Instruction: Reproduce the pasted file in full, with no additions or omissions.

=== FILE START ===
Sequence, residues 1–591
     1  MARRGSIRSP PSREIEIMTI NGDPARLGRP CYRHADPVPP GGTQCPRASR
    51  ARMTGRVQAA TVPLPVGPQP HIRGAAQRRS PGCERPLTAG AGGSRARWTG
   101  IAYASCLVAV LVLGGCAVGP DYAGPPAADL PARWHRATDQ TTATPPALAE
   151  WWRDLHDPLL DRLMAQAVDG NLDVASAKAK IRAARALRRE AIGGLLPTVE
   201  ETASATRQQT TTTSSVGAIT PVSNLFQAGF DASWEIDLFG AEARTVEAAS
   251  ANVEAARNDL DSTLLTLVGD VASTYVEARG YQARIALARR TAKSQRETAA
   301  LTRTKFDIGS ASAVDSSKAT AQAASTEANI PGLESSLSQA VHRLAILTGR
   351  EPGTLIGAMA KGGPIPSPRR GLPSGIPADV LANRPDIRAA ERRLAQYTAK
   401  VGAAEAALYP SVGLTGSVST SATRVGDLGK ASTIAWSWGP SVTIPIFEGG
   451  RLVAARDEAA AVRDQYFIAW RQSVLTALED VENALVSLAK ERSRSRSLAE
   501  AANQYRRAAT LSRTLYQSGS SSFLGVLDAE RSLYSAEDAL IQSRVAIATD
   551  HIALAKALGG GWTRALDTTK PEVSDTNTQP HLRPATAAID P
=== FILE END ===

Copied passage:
Sequence, residues 1–591
     1  MARRGSIRSP PSREIEIMTI NGDPARLGRP CYRHADPVPP GGTQCPRASR
    51  ARMTGRVQAA TVPLPVGPQP HIRGAAQRRS PGCERPLTAG AGGSRARWTG
   101  IAYASCLVAV LVLGGCAVGP DYAGPPAADL PARWHRATDQ TTATPPALAE
   151  WWRDLHDPLL DRLMAQAVDG NLDVASAKAK IRAARALRRE AIGGLLPTVE
   201  ETASATRQQT TTTSSVGAIT PVSNLFQAGF DASWEIDLFG AEARTVEAAS
   251  ANVEAARNDL DSTLLTLVGD VASTYVEARG YQARIALARR TAKSQRETAA
   301  LTRTKFDIGS ASAVDSSKAT AQAASTEANI PGLESSLSQA VHRLAILTGR
   351  EPGTLIGAMA KGGPIPSPRR GLPSGIPADV LANRPDIRAA ERRLAQYTAK
   401  VGAAEAALYP SVGLTGSVST SATRVGDLGK ASTIAWSWGP SVTIPIFEGG
   451  RLVAARDEAA AVRDQYFIAW RQSVLTALED VENALVSLAK ERSRSRSLAE
   501  AANQYRRAAT LSRTLYQSGS SSFLGVLDAE RSLYSAEDAL IQSRVAIATD
   551  HIALAKALGG GWTRALDTTK PEVSDTNTQP HLRPATAAID P